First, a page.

Updated Feb 19, 2024
In case you missed it, the U.S. Food and Drug Administration (FDA) recently approved the claim that soybean oil, one of the more common oils used for frying with 0 grams of trans fat, can reduce risk of coronary heart disease. This approval means the food industry is going to be able to leverage heart-healthy claims on food and menu items that contain at least 5 grams of soybean oil per serving. Such a move could attract consumers who make healthy food options a top priority. Here’s what you need to know: In case you missed it, the U.S. Food and Drug Administration (FDA) recently approved the claim that soybean oil, one of the more common oils used for frying, can reduce risk of coronary heart disease. This approval means the food industry is going to be able to leverage heart-healthy claims on food and menu items that contain at least 5 grams of soybean oil per serving. Such a move could attract consumers who typically make healthy food options a top priority over processed foods. Here’s what you need to know:
- What is soybean oil? It’s the most commonly used ingredient in the United States and the top dietary source of omega-3 fatty acids. In fact, the United States is the world’s leading soybean producer – accounting for 33 percent of global production. So, it wouldn’t be surprising if the new heart-healthy claim boosts soybean farmers’ productivity and revenue.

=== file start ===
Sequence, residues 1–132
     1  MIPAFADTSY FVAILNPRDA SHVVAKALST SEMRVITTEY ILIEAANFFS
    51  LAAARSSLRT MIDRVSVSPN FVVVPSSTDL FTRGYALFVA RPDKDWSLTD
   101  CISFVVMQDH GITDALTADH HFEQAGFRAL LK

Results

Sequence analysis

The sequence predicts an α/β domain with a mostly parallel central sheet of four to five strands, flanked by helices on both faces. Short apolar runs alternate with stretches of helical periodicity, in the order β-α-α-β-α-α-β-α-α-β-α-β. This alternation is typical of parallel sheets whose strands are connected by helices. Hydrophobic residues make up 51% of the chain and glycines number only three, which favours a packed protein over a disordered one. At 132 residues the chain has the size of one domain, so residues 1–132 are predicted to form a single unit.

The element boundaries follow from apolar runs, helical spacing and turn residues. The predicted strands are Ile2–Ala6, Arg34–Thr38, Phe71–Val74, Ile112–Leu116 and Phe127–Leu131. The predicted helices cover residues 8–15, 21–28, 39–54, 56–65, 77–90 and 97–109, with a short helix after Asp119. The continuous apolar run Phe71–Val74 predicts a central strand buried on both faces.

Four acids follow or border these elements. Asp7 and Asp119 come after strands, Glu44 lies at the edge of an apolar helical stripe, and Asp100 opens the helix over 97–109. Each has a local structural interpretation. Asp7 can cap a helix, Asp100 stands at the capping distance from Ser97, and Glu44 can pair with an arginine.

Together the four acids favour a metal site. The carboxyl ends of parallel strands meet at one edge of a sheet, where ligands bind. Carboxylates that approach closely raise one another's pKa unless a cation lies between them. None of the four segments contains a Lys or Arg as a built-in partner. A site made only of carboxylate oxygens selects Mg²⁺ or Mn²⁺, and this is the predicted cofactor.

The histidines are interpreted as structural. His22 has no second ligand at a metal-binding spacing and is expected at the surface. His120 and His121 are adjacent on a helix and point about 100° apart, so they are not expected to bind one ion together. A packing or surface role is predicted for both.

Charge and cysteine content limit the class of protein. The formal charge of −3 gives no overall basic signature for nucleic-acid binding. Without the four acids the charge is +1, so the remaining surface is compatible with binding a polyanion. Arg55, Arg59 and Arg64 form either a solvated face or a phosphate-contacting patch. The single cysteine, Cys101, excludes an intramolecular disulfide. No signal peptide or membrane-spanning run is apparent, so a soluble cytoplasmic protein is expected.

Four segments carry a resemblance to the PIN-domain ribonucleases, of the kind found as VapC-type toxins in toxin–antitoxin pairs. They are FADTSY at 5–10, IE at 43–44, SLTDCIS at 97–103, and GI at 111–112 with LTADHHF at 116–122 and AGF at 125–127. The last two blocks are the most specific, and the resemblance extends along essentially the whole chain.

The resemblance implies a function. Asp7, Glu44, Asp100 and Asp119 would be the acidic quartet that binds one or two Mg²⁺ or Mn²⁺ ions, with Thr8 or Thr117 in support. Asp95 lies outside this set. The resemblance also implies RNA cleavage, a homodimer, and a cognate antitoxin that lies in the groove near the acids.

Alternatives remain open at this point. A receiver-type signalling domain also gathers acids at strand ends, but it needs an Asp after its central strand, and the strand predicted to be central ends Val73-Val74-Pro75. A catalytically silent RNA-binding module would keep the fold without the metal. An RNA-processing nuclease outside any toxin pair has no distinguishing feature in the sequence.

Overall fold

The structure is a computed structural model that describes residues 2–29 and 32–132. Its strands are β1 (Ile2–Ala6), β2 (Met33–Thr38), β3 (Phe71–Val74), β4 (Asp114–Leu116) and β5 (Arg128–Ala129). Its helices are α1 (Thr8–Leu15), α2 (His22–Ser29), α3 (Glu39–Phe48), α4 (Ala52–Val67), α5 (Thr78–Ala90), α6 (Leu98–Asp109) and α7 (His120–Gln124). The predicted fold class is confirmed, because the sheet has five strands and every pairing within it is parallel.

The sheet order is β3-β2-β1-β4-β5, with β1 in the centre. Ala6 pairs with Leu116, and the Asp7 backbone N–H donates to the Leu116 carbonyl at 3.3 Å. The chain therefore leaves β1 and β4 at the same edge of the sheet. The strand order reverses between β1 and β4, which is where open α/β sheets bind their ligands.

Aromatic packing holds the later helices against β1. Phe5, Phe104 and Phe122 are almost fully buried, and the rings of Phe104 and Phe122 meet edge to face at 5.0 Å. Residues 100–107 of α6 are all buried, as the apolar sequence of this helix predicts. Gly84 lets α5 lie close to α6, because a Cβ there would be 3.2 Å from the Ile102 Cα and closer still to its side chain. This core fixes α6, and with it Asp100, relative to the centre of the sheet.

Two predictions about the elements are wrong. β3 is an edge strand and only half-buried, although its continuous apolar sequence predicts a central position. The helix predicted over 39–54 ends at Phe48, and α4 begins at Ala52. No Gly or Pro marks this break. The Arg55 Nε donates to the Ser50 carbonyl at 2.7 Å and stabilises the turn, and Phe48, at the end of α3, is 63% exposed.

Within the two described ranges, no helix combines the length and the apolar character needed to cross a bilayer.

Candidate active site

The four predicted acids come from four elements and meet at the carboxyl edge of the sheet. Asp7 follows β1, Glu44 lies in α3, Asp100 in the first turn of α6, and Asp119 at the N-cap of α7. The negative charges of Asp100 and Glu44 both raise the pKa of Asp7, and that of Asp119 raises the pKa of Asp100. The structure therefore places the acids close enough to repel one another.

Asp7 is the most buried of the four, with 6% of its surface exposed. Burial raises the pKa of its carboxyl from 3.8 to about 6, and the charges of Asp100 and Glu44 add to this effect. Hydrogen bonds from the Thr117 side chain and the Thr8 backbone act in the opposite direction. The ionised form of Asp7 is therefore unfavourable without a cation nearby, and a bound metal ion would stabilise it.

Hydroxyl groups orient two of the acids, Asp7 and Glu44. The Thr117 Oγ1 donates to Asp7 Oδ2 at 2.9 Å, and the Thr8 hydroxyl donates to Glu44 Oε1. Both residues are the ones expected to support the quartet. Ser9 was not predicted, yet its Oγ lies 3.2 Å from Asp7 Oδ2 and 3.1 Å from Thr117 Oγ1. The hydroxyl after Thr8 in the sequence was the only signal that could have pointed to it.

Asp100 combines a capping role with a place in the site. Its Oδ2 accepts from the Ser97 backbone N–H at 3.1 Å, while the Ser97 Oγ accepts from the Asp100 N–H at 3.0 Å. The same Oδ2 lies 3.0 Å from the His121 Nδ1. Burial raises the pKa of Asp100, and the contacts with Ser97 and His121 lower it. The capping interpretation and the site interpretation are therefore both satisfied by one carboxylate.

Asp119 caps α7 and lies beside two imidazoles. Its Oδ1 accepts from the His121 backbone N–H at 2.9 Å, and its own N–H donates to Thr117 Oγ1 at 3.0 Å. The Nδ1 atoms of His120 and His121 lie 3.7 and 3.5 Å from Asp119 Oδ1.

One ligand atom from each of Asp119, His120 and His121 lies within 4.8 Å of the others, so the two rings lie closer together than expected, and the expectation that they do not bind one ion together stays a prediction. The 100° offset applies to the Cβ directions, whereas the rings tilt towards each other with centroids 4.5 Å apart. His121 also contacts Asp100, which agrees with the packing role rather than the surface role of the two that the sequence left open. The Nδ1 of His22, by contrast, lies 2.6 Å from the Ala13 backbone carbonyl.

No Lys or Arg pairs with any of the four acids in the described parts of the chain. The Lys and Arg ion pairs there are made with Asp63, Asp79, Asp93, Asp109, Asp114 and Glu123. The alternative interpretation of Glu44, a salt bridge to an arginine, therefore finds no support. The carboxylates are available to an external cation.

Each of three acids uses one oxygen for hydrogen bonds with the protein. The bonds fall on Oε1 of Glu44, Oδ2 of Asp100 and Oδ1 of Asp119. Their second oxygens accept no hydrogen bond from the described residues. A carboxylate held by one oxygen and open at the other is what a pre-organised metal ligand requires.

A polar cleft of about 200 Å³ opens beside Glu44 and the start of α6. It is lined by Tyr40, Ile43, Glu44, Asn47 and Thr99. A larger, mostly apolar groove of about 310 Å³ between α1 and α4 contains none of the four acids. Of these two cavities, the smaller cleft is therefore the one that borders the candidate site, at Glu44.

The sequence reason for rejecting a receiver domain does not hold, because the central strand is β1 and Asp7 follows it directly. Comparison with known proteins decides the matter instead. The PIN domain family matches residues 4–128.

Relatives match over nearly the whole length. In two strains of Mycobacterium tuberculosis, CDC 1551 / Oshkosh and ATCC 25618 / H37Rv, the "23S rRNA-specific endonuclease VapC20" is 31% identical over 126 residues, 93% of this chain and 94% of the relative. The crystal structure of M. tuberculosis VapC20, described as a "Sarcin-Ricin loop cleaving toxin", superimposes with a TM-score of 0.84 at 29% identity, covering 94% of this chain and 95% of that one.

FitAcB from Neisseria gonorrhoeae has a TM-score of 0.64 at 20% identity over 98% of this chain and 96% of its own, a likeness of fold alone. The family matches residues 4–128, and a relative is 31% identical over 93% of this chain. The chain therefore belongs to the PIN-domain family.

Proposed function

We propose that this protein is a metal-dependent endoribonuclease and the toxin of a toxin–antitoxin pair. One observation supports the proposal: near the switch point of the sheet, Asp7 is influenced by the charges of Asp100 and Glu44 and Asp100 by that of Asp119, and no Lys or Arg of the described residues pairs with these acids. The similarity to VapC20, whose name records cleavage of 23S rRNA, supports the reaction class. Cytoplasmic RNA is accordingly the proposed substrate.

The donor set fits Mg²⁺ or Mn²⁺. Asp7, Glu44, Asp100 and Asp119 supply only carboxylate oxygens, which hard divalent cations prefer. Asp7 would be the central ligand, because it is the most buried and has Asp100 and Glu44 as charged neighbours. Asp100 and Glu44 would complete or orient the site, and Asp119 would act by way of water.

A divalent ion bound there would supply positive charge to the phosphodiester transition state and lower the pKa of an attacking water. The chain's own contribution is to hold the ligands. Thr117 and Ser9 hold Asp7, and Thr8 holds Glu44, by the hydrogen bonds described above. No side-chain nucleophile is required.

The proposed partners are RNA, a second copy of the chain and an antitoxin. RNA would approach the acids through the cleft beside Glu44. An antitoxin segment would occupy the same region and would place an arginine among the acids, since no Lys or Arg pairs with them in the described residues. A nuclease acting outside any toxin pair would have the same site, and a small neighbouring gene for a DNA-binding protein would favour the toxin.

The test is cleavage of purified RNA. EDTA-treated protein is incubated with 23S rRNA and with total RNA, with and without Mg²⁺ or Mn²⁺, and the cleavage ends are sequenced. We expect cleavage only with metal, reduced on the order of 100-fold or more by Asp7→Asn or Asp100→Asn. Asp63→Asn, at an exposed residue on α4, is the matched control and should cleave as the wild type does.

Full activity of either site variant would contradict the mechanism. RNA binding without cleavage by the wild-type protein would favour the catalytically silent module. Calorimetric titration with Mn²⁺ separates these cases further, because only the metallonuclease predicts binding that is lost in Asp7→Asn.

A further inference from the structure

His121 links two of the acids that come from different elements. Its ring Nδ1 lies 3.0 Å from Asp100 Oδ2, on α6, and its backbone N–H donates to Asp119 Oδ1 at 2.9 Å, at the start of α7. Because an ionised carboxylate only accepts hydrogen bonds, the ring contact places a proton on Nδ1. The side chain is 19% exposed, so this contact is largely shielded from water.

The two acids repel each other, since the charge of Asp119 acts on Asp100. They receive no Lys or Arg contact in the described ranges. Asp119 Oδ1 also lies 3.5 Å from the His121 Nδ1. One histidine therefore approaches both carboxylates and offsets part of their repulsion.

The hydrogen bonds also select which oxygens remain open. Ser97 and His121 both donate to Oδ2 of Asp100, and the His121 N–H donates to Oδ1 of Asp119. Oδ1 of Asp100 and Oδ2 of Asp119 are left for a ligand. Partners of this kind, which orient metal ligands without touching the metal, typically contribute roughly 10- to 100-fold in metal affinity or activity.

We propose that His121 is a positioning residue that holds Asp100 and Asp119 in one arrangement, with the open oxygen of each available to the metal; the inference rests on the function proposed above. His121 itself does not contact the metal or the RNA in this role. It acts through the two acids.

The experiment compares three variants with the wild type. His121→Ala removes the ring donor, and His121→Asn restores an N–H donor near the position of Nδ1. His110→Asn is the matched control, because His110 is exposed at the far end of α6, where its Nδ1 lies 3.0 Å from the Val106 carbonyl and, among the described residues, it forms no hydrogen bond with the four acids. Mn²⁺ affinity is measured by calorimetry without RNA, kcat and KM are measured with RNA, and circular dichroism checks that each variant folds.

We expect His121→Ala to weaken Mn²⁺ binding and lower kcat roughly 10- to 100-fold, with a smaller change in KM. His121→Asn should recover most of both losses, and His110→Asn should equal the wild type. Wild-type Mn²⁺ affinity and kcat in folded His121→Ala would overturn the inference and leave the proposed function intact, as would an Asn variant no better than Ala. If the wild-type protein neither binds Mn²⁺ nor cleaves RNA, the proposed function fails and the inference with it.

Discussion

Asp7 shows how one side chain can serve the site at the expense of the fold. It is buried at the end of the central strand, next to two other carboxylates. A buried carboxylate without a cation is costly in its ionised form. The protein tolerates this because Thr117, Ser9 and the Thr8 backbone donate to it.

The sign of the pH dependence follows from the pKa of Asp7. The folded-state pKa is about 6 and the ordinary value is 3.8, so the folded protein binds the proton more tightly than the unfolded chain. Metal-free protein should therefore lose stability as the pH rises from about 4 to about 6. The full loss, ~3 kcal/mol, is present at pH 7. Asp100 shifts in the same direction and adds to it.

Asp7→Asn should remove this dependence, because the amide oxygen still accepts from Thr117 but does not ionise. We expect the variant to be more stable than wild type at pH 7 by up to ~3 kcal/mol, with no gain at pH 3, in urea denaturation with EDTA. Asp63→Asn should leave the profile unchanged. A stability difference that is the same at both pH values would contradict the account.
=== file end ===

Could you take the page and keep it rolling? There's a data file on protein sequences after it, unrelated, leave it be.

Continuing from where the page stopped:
- What kinds of food and menu items use soybean oil? Soybean oil is a popular ingredient in a variety of foods, thanks to its neutral flavor that doesn’t interfere with a food’s natural taste. Popular items that incorporate soybean oil include fried chicken, French fries, salad dressings, baked goods and crackers.
- What does this mean for consumers? Heart health is the number one thing consumers look for when grocery shopping, according to Hartman Group data. Fifty-five percent of U.S. consumers try to avoid or reduce saturated fat in their diets, and almost 40 percent try to consume healthy fats, like polyunsaturated fat and monounsaturated fats.
How Soybean Oil Stands Out
The buzz around soybean oil is expected to add a nutritional boost when it comes to cooking oil – the secret ingredient behind the taste, texture and appearance of our favorite fried foods. Is soybean oil heart healthy? Soybean is among the nine most common types of cooking oil, and its new heart-healthy claim might just make it more popular than ever before. Here’s how it compares to different oils most commonly used for cooking:
- Soybean is economical. Soybean is one of the more cost-savvy oil options. High-oleic canola oil, peanut oil, and premium extra virgin olive oil are the most expensive options.
- Premium soybean oil adds durability. Clear soybean oil, along with canola oil and corn oil, has a lower durability than solid oils when it comes to fry life. That’s where premium soybean oil gives you extra durability.